Letters from the week of October 23, 2003

Caroline Collins
Point Roberts, Washington

The Press and Polygamy

Bible school: It doesn't work that way. For Rick Barrs ("Politics Over Principle," October 9) to expect Latter-day Saints to renounce Joseph Smith and Brigham Young over their position on polygamy is to expect:

Christians to repudiate their apostle John because he spoke against sex without marriage (Rev. 22:15). Or Paul the Apostle because he said women were not to speak in church (1 Corin. 14:34), and husbands were to be supreme over wives (1 Corin. 11:3). Or Jude who opposed homosexuality (Jude 1:7). Or Jesus who condemned the pleasures of porn (Matt 5:28). Or to expect Jews to toss out Abraham (Gen. 16:3), as well as Jacob (Gen 30:4) because they were polygamists. Or to disavow Moses because he condemned homosexuals (Lev. 20:13). Or for that matter, Muslims to distance themselves from Muhammad because he too denounced homosexuality (Koran -- Surah 4:15-16).

Prophets and the Gods they represent have always been the nemesis of change agents.

Even suggesting that the faithful pick and chose among their teachings means turning them into nothing more than philosophers inspired by well developed imaginations.

It doesn't work that way.

John Keeler

Kids on the Skids

Guarding the guardians: Excellent report on the Arizona Department of Juvenile Corrections ("Worse Than Ever," Amy Silverman, October 2) I would personally not trust a division of the Department of Justice to investigate anything concerning Justice issues. It is like the fox guarding the hen house. Oversight is sorely lacking in the prison system -- both federal and state. DOJ is a self-serving and powerful bureaucracy. The investigative arm should not be in the same agency. Congress needs to act on this issue, and be held accountable for allowing DOJ to grow and function with such self-empowerment.

Roma Thomas
Sun City West

Deeper problems: It is great to have a newspaper in our city that is not afraid to name names and to follow-up on past columns.

Amy Silverman's "Worse Than Ever" is a good example of how New Times reporters keep telling the story of child abuse in Arizona.

Thank you for Silverman's articles and John Dougherty's excellent reports on polygamy/child abuse.

Dougherty's articles have surely spurred Attorney General Terry Goddard to insist he will act on the child abuse existing for years in that outlying area.

The question we're left with, is when will Arizona's Attorney General and the Governor get together to fix the things happening right under their noses, here in the Valley and around the state?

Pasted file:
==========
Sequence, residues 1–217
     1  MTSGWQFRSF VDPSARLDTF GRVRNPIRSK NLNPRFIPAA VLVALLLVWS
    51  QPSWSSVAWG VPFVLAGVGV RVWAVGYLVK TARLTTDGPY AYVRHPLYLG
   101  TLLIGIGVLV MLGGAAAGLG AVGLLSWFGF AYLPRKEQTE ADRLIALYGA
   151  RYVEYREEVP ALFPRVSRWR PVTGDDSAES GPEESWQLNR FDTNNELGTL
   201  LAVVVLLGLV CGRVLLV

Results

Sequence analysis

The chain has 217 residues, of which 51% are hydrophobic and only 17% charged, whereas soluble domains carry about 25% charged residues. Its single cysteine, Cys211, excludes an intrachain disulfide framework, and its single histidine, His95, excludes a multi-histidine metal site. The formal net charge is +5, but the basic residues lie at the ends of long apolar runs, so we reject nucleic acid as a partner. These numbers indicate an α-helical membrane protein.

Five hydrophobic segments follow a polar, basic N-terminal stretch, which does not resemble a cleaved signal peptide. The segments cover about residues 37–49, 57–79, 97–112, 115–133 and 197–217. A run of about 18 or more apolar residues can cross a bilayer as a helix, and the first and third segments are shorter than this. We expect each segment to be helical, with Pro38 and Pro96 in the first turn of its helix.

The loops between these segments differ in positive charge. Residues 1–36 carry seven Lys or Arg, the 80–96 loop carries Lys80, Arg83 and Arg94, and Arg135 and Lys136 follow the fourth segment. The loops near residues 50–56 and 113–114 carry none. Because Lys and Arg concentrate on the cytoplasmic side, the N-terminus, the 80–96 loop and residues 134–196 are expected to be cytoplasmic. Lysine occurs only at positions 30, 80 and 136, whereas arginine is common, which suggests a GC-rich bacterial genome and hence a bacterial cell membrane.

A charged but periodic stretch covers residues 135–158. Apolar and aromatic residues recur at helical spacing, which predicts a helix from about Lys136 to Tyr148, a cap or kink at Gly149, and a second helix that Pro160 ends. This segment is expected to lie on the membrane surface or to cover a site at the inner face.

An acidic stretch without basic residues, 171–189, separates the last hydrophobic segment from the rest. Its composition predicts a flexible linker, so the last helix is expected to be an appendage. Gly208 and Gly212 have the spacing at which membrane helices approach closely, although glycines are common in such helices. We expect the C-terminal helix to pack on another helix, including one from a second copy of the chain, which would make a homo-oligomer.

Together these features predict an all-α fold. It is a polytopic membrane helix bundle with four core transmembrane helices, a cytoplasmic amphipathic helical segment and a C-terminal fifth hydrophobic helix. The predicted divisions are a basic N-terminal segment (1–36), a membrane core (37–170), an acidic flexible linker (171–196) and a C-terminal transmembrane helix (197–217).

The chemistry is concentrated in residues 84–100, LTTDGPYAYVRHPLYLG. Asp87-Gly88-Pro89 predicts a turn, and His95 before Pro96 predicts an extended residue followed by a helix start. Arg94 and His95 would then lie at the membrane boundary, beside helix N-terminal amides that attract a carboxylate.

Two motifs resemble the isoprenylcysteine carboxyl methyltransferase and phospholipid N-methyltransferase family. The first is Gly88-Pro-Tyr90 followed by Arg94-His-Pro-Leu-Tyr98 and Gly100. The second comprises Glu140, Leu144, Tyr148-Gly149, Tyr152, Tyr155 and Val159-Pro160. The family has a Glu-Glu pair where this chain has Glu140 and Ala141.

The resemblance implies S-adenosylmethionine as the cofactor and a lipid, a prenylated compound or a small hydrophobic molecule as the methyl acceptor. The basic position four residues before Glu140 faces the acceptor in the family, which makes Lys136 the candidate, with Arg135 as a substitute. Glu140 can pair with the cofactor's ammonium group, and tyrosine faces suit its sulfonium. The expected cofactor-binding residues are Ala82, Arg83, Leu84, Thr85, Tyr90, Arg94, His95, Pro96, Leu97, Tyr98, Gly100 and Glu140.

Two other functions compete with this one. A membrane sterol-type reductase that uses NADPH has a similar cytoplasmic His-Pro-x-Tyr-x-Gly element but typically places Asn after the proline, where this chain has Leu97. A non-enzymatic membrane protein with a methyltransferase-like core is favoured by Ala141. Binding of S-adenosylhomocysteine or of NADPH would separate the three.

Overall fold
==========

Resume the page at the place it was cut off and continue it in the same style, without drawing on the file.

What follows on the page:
When will the heads of state get the idea that they need to stop padding the cells and give disadvantaged kids constructive activities? Children languishing, even dying, right under the noses of government officials is appalling. So is the litigation against the state. Taxpayers keep paying for "civil rights" violations and litigation at every level of government. And children keep being abused and dying.

Virginia Chaffin

Music Man

Waxing nostalgic: Although I would call myself a Bandersnatch (semi-) regular, it was not until the first week of October that I found out that the old Bandersnatch closed its doors as such on September 21. I almost missed Christopher O'Connor's article, "Snatching Tempe," (September 25) completely except for an e-mail from a buddy. Although I would agree with Mr. O'Connor that a lot of folks overreacted to the news, I think that it is important to understand why Bandersnatch as it was is so important to so many people.

I still remember my first plate of nachos and tipping back a milk stout at Bandersnatch over 10 years ago -- from that time I was hooked. Bandersnatch was a rarity at the time. No one else around brewed beer on site and the beers crafted by the brewmeister are truly a thing of beauty. Milk Stout, Irish Amber, Barley Wine, Cardinal Red, German Rye. For me, the heart and soul of Bandersnatch was the beer brewed on site. Add to that a lot of good people, countless debates on beer, politics, and whatnot, and many fond memories of hanging out with friends for a good bull session at the end of a long week over the best beer in Arizona. And the food was not bad either.

Bandersnatch was one of my favorite places to hang my hat and toss down a brew with good friends. I say, "was" because Bandersnatch was the whole package -- take away part of the inner soul and the place is never the same. As Mr. O'Connor pointed out, not all change is bad or nearly as traumatic as is first believed. However, in a region where the past is usually ignored, especially when it comes to development and re-development, saving a little piece intact becomes a contentious issue. Whether you went there for the beer, music, people, or whatever, Bandersnatch was a little enclave away from all the pretense of the "new" Mill Avenue. A little something real in a sea of glitter.

No, the sky won't fall as the new Bandersnatch replaces the old, but the soul of the old Bandersnatch will not be there. Yes, things often change but we don't have to like it.

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